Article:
BFA ID Director Yu Nong Khew featured in September/October issue of i+D


BFA ID Director and Parsons SCE featured in in September/October issue of i+D

The New School has long been known as a champion of social justice and climate, according to Yu Nong Khew, director of the BFA Interior Design program and assistant professor of interior design at Parsons School of Design, The New School, and a design partner at Studio Khew Cornelius. “Both sustainability and wellness have always been at the forefront.” This generation of Parsons Students are becoming very involved in the climate crisis. Design as activism is surfacing among students and faculty as well.

The educators at Parsons recognize that design education influences industry and vice versa. Khew adds that there has been a huge shift during the last decade in terms of the technology and hardware available to students. Designers have gone from understanding how code is used to actually doing their own coding. “We are moving away from drafting by hand to using technology,” says Khew. “This shift in education reflects a shift in the industry. Nobody draws in the office by hand with a drafting table.”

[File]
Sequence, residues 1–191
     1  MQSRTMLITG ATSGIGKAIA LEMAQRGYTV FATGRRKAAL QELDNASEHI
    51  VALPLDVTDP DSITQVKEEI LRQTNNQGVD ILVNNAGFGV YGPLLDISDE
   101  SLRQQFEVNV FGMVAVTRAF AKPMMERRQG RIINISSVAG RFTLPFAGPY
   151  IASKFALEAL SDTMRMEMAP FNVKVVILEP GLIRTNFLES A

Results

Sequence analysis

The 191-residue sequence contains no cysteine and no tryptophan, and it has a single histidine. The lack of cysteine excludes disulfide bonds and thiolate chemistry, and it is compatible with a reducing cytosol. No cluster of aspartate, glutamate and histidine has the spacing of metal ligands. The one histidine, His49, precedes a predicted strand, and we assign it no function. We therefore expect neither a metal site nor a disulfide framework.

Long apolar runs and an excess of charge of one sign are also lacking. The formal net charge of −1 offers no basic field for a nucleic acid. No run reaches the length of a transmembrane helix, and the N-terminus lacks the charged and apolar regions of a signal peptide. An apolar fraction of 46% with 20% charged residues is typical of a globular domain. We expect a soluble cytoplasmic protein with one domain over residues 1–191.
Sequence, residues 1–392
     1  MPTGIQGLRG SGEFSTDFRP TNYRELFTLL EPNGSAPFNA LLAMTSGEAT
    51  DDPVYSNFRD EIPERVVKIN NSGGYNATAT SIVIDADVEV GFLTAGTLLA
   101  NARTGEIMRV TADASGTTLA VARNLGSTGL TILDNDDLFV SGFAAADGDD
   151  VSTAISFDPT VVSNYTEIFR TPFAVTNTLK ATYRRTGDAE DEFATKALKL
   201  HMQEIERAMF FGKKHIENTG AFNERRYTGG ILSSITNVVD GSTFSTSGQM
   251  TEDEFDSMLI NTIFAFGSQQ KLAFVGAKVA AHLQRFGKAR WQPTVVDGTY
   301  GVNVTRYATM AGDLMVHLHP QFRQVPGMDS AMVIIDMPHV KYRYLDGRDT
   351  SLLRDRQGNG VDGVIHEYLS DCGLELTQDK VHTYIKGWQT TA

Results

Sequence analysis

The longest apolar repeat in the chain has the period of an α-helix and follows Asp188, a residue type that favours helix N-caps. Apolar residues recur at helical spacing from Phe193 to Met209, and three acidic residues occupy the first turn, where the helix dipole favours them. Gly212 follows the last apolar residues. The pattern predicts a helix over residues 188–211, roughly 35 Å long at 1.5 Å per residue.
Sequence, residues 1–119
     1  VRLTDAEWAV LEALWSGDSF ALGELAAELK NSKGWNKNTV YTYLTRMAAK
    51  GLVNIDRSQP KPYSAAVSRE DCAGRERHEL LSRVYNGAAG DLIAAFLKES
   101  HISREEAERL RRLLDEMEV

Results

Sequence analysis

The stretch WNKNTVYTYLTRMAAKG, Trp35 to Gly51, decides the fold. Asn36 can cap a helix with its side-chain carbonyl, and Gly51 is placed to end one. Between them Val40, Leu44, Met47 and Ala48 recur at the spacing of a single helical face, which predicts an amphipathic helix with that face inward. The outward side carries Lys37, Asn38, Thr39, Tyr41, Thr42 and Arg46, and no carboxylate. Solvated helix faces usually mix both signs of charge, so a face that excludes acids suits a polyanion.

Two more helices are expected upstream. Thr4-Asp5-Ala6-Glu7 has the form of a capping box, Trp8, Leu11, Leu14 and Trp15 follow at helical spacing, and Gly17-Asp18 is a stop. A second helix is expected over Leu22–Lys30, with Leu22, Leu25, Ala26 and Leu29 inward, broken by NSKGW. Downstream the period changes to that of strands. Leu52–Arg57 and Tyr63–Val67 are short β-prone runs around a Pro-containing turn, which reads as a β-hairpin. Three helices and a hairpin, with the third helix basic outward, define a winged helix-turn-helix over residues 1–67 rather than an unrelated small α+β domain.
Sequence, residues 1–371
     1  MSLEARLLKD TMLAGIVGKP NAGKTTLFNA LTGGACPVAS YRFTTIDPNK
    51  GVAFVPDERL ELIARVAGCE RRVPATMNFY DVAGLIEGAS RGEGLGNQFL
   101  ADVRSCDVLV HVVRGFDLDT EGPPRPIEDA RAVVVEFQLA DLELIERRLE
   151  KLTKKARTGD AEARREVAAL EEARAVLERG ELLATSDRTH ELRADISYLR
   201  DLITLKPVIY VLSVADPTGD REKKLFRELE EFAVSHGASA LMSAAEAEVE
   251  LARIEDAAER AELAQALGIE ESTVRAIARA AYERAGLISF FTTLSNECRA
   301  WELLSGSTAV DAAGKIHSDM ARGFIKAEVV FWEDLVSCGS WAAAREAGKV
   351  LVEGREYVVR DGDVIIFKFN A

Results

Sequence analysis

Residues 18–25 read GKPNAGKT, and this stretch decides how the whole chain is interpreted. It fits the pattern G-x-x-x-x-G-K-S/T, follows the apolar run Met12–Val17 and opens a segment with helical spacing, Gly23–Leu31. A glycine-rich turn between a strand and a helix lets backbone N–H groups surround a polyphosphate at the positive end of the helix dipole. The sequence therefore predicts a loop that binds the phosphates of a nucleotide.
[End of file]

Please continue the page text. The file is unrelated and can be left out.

She has noticed in the last two or three years that students are still drawing, but the hand-mind connection is more sketching based than drafting based. The new crop of designers is still making the hand-mind connection, but that connection doesn’t have to be technical—it’s more of an expression, more of a process, according to Khew.

“Then when we get to the drafting, it can be done by the computer. The thinking and the processing have been done by hand. And by hand, I actually mean by iPad. A lot of students use iPad with a stylus. It looks almost like a hand sketch except that it’s digitized immediately,” she says.

“I don’t see hand drawing ever going away,” Khew explains. “The pen-brain connection is very important in design education because that’s how designers think. Sometimes we think and draw and make at the same time. For our programs the hand-drawing aspect is in the process—in the sketching and ideating—not so much in the technical drafting aspect.”

In addition to creativity, skills, and passion, the next generation of designers also possesses remarkable flexibility and adaptability, according to Khew. “Because of the pandemic and the hand they were dealt during their educational career, they have learned to pick themselves up and take life on regardless of hard knocks.” This resilience will serve them—and their employers—well in the workplace.


Yu Nong Khew